Wednesday, October 12, 2011

Roadworks

I read that Clarke County, Wisconsin is joining other communities across the Midwest in returning paved roads to gravel. In the long run gravel costs more to maintain but in the short term paving is more expensive than communities can afford in this, the Great Depression of the 21st century. If you believe the mainstream press which loudly trumpets the political line that we aren't in recession, you aren't paying attention.


Have no fear though, the lifeline through the Fabulous Florida Keys called the Overseas Highway is getting a facelift, a mile at a time. Last night I worked a short shift in police dispatch and found myself at Mile Marker 18 at 2:30 in the morning. On my way in to work a few hours earlier I was held up for some time waiting for traffic to flow the opposite way so when I was stopped on my way home I knew I had time to whip out the camera and record this bean feast of repaving in a world gone poor.


Since my fall in Big Coppitt in June 2009 I dread the sign that says lanes are uneven. I fell off the Triumph at 45mph owing to a step in the roadway I could not see and slid down the road as a result. That ride home after I picked up the bike and myself was rather less fun than usual. I like to ride this highway and I look forward to the smooth new pavement but signs like these are the price we pay to get there. A price the state of Florida can still afford to pay somehow.


The "new" highway was built in 1982 and it has reduced the drive to Miami by half from the old drive on the converted and narrow railroad bed originally built by Flagler's engineers. It is well marked, lighted frequently and lined with reflectors, and is thus easy to drive even in the worst rains, or the darkest of nights.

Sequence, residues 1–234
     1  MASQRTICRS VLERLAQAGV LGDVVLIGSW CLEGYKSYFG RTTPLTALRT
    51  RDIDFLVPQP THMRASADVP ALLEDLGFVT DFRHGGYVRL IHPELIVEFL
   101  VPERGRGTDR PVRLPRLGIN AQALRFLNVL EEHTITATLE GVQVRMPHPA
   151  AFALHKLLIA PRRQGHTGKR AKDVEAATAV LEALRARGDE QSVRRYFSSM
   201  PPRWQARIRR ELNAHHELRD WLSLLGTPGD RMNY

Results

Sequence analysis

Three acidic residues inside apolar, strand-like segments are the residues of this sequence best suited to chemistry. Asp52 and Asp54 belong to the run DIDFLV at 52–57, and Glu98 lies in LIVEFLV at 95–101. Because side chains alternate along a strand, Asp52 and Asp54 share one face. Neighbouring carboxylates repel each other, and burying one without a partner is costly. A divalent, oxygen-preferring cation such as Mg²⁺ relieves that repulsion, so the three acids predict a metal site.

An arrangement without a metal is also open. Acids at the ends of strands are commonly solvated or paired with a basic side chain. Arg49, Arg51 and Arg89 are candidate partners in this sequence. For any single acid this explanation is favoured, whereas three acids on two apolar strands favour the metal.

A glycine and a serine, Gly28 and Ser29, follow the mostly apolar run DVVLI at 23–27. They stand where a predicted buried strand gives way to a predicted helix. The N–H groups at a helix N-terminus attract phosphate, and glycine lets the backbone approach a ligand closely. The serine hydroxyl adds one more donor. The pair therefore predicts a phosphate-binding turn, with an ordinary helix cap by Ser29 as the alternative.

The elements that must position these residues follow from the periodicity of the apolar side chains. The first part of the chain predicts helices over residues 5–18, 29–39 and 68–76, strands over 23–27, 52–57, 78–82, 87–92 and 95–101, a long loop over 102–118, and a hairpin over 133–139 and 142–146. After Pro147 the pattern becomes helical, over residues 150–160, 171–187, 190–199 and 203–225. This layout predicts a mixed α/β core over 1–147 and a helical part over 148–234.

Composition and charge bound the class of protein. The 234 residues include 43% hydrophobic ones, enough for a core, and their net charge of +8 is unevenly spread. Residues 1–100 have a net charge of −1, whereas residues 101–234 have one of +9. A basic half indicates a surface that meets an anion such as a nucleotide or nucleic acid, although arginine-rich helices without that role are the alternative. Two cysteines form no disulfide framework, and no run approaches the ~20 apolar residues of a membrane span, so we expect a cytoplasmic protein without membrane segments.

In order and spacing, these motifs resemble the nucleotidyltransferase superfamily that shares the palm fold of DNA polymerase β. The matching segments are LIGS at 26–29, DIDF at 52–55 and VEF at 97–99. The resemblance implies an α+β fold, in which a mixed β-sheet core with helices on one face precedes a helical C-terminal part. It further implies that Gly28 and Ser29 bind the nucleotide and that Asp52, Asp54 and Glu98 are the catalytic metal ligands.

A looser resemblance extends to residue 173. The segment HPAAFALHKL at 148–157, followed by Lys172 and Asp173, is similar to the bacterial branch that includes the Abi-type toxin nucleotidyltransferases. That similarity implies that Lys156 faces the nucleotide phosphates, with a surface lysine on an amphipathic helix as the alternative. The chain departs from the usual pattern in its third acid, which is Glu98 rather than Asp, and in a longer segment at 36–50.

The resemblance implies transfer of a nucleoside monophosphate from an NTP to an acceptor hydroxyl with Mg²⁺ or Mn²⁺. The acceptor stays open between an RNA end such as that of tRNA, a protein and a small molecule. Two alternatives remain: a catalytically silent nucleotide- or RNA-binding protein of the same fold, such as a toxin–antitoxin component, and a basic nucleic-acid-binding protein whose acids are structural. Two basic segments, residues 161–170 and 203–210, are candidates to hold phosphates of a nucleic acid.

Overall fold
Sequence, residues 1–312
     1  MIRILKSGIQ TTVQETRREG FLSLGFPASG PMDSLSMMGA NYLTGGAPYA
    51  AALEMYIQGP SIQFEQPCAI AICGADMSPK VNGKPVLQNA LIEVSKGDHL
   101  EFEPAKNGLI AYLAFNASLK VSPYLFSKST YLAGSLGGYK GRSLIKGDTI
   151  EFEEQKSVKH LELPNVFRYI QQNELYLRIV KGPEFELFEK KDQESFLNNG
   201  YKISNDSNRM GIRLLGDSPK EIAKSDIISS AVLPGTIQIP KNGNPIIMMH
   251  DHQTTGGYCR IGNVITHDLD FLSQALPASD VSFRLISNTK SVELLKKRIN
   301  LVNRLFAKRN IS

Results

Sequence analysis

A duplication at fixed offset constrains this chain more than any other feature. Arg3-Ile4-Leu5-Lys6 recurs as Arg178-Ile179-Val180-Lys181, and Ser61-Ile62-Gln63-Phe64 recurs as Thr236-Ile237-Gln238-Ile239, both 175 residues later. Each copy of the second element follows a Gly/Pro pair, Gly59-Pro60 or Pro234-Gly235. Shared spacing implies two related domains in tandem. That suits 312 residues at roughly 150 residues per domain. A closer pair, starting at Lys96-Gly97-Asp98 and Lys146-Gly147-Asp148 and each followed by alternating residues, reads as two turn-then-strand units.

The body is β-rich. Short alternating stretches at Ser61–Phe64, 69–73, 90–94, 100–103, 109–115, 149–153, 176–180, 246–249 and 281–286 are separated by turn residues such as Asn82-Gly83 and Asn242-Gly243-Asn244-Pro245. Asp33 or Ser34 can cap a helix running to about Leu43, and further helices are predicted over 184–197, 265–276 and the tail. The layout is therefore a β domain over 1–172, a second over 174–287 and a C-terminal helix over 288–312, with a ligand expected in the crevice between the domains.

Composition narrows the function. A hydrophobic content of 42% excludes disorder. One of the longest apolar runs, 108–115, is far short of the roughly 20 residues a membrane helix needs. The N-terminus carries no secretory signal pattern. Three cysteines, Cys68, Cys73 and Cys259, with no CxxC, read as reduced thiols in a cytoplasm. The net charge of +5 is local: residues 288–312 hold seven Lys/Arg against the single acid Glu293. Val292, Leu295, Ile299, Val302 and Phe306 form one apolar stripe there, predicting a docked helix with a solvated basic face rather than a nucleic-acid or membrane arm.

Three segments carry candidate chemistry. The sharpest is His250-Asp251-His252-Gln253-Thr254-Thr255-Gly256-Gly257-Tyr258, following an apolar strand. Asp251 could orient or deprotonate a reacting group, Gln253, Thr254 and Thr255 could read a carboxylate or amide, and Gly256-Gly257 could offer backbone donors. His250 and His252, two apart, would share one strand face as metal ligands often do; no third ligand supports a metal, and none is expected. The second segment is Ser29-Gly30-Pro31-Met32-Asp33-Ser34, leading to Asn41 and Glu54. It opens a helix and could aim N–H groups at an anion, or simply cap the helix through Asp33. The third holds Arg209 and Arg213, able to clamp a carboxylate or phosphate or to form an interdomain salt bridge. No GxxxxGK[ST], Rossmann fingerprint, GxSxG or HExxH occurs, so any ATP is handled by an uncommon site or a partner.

Night riding is a blast on the road when traffic is sparse and you find yourself alone in the dark, flying through the warm night air. Roadworks tend to gum things up, leaving you standing in the middle of the roadway twiddling your thumbs and wondering how much they can re-pave before the money runs out.


This crappy picture is a hand held reminder of how beautiful this recent full moon was, shining silver on the water either side of the road, illuminating the clouds hanging low in the sky.


I don't think riding the newly graveled roads in the mid west would be half as much fun in the dark.


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3 comments:

Donna OShaughnessy said...

In the 70's my dad, a cop, taught me how to drive on gravel roads without headlights in case I ever had an alternator fail. I later taoght my own kids to drive this way. Of course driving FAST on gravel in the dark is really really fun but I didn't tell them that

Conchscooter said...

I grew up riding bicycles and a mopeds on gravel in Italy and when they finally paved my corner of Umbria I never looked back. Too many stinging bleeding wounds on my arms and legs, powdered white, dripping blood and filled with small painful pieces of rock. I rode too fast and fell a lot when I was a teenager.

Chuck and the Pheebs said...

I did all my early morocycling on gravel and logging roads in the Upper Peninsula of Michigan; one must get a feel for the 'float' of the bike between your legs. Just because the front tire is pointed one direction, there's no guarantee you're going that way.

Sand was the worst, though. It's a lot like piloting a boat on water, as there's a speed where the bike will plane on the sand as if to be on solid ground. Below a critical speed, the tires act as displacement hulls, sinking, dragging and wallowing. Of course, the front tire, being narrower than the rear, sinks first, discharging the rider in a highsider.

Don't ask me how I learned that.

I miss the lurid, flat-track gravel slides we'd do as a kid. I'm certain i've lost the skill.